Read more on Reuters.com.

Share this:

The Associated Press obtained a video that purports to show the aftermath of an alleged massacre in the village of Tramseh, near Hama.

Share this:

How do Syria's fighters get their arms? An overview put together by Reuters explains that there are three gateways to the country -- Lebanon, Turkey, and Iraq.

Syrian rebels are smuggling small arms into Syria through a network of land and sea routes involving cargo ships and trucks moving through Turkey, Lebanon and Iraq, maritime intelligence and Free Syrian Army (FSA) officers say.

Western and regional powers deny any suggestion they are involved in gun running. Their interest in the sensitive border region lies rather in screening to ensure powerful weapons such as surface to air missiles do not find their way to Islamist or other militants.

Read the full report here.

Share this:
syria This citizen journalism image made from video provided by Shaam News Network SNN, purports to show a victim wounded by violence that, according to anti-regime activists, was carried out by government forces in Tremseh, Syria about 15 kilometers (nine miles) northwest of the central city of Hama, Thursday, July 12, 2012. The accounts, some of which claim more than 200 people were killed in the violence Thursday, could not be independently confirmed, but would mark the latest in a string of brutal offensives by Syrian forces attempting to crush the rebellion. (AP Photo/Shaam News Network, SNN)


syria This citizen journalism image made from video provided by Shaam News Network SNN, purports to show a man mourning a victim killed by violence that, according to anti-regime activists, was carried out by government forces in Tremseh, Syria about 15 kilometers (nine miles) northwest of the central city of Hama, Thursday, July 12, 2012. (AP Photo/Shaam News Network, SNN)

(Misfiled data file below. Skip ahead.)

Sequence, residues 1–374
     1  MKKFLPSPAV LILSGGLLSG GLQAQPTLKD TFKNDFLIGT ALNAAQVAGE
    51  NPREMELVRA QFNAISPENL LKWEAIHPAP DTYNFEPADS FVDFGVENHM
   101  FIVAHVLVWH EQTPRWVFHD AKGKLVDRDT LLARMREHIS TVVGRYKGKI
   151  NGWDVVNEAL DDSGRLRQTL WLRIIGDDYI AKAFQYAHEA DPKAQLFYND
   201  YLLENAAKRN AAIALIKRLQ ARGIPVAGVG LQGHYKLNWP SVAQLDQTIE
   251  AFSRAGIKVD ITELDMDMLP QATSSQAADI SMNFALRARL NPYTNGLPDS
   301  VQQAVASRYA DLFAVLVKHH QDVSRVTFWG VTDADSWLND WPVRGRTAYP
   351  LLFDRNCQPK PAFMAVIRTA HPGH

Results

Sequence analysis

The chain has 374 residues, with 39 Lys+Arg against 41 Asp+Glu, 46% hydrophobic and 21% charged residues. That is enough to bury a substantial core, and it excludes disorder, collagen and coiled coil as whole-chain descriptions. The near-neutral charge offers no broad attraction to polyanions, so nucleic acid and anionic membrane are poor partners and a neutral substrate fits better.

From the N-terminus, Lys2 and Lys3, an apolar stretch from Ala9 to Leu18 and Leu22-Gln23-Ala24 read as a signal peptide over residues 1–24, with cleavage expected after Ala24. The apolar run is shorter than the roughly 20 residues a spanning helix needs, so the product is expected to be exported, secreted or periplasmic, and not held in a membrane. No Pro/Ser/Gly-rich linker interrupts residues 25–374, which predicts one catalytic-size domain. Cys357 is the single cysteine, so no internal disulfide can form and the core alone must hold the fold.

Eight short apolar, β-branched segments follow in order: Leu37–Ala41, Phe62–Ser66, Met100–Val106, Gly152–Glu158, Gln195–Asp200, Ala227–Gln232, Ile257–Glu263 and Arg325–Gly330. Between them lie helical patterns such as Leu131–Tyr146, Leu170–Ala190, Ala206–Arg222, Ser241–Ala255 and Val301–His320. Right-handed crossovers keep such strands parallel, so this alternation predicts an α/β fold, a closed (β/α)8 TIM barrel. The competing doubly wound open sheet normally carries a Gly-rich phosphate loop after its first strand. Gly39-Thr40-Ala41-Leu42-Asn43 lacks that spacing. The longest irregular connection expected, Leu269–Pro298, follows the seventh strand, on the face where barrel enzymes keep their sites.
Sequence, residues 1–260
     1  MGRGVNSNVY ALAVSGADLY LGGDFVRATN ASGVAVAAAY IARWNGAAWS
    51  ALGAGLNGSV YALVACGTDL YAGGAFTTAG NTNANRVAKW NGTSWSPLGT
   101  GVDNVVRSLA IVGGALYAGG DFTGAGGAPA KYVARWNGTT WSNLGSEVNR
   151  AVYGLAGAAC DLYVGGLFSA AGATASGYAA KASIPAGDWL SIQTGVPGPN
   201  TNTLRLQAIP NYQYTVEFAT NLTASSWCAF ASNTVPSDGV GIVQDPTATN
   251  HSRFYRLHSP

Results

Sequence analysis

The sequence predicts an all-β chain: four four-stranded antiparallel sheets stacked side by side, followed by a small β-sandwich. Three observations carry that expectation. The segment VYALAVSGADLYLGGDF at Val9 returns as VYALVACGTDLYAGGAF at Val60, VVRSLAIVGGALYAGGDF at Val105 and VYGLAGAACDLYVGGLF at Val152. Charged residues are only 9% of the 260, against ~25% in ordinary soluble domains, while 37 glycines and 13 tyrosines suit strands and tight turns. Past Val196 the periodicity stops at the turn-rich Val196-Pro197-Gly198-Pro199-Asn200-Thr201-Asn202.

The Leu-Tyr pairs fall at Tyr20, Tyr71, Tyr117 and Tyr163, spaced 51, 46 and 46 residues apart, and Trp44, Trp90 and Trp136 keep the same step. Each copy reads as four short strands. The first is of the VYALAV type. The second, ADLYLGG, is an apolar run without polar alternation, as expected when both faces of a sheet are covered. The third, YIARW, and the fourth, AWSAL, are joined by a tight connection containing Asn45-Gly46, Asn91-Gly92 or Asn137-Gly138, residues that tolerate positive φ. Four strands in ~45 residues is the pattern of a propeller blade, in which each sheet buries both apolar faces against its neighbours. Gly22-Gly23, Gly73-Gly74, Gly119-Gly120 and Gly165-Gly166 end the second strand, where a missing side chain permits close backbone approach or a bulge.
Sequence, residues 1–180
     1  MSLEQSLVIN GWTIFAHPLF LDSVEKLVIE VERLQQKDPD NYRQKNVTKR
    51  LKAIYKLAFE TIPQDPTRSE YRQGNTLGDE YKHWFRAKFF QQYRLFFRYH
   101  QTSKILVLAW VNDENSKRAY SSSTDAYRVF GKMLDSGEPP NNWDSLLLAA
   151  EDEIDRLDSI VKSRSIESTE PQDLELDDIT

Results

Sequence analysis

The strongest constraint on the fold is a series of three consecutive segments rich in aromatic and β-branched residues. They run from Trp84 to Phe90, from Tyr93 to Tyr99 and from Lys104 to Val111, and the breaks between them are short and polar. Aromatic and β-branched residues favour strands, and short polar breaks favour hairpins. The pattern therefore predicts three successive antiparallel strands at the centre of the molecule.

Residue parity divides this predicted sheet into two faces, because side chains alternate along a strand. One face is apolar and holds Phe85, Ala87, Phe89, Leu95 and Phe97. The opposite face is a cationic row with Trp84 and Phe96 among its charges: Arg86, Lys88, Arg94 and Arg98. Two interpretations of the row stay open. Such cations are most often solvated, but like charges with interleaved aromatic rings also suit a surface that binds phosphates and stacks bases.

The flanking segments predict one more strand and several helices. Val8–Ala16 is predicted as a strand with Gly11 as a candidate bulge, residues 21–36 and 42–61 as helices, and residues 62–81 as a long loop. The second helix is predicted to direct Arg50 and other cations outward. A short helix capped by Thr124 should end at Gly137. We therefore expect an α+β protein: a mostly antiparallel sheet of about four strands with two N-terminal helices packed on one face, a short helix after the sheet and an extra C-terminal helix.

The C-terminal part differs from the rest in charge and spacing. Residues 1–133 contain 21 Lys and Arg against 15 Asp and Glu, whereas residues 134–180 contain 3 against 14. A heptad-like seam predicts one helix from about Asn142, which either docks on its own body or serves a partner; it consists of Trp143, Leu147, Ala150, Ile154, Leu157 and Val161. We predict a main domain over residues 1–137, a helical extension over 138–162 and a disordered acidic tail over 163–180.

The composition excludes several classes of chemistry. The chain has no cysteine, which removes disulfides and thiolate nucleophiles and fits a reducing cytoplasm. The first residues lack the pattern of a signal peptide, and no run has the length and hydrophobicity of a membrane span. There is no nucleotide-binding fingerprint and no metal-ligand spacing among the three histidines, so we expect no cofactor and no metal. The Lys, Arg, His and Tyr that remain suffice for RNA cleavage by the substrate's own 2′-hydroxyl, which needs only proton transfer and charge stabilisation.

Share this:

According to the Hama Revolutionary Council, a Syrian opposition group, more than 220 people have been killed in a new alleged massacre in Taramseh. Earlier reports said more than 100 people were killed. "More than 220 people fell today in Taramseh," the Council said in a statement. "They died from bombardment by tanks and helicopters, artillery shelling and summary executions."

Fadi Sameh, an opposition activist from Taramseh, told Reuters he had left the town before the reported massacre but was in touch with residents. "It appears that Alawite militiamen from surrounding villages descended on Taramseh after its rebel defenders pulled out, and started killing the people. Whole houses have been destroyed and burned from the shelling," Sameh claimed.

Read more on Reuters.com.

Share this:

Syrian activist Rami Jarrah tweets that Syrian State TV has confirmed deaths in Tremseh. "Terrorists" is often the term used by the Syrian regime for opposition forces.

@ AlexanderPageSY : Syrian State TV: clashes between security apparatus & terrorists in #Tremseh of #Hama leaves large numbers of terrorists killed #Syria

Share this:
@ Reuters : UPDATE: DEATH TOLL IN SYRIAN FORCES' ATTACK ON VILLAGE IN SYRIA'S HAMA REGION IS MORE THAN 200, MOSTLY CIVILIANS - OPPOSITION ACTIVISTS

Share this:
@ Reuters : At least 100 killed in Syrian village: opposition activists http://t.co/FG3fJwu8

Share this:

FOLLOW HUFFPOST WORLD

Filed by Alana Horowitz  |